I am curious if and where the following reasoning breaks down.
Traditionally, sample size determination is done as part of the design phase. To this end, one has to have an understanding of the baseline performance, such as the mean and standard deviation of the metric in question. One might use recent historical data to obtain reasonable estimates.
Suppose we are not necessarily interested in knowing the minimal sample size ahead of time and simply launch the experiment. The control group is the baseline. Each day, we take the statistics of the control group and perform sample size determination. With each new day passed, we get a better and better understanding of when to stop.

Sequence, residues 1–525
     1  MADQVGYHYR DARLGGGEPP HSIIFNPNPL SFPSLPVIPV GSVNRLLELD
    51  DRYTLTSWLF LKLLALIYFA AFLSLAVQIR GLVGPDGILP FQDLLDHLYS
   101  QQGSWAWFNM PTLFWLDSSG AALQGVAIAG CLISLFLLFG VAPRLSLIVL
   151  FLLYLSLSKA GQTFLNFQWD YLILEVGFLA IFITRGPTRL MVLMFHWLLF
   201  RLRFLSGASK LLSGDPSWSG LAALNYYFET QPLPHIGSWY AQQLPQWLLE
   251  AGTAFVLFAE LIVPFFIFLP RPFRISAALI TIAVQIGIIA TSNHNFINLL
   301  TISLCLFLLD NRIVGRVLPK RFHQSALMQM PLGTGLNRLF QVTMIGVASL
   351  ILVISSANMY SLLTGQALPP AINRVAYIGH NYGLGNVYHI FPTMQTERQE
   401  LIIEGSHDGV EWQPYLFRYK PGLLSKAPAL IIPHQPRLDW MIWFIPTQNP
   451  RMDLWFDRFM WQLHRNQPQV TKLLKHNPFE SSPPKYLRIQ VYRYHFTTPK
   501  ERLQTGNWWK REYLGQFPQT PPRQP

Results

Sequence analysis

Apart from the fact that one might launch an experiment that is doomed to fail, are there any other problems with the above logic? Of course, we are not assuming a clinical setting but rather a service of some kind.
It should be noted that this question is not about whether it is sound to check some p-value on a daily basis and stop whenever it goes below a predefined level. The inadequacy of this procedure is well understood.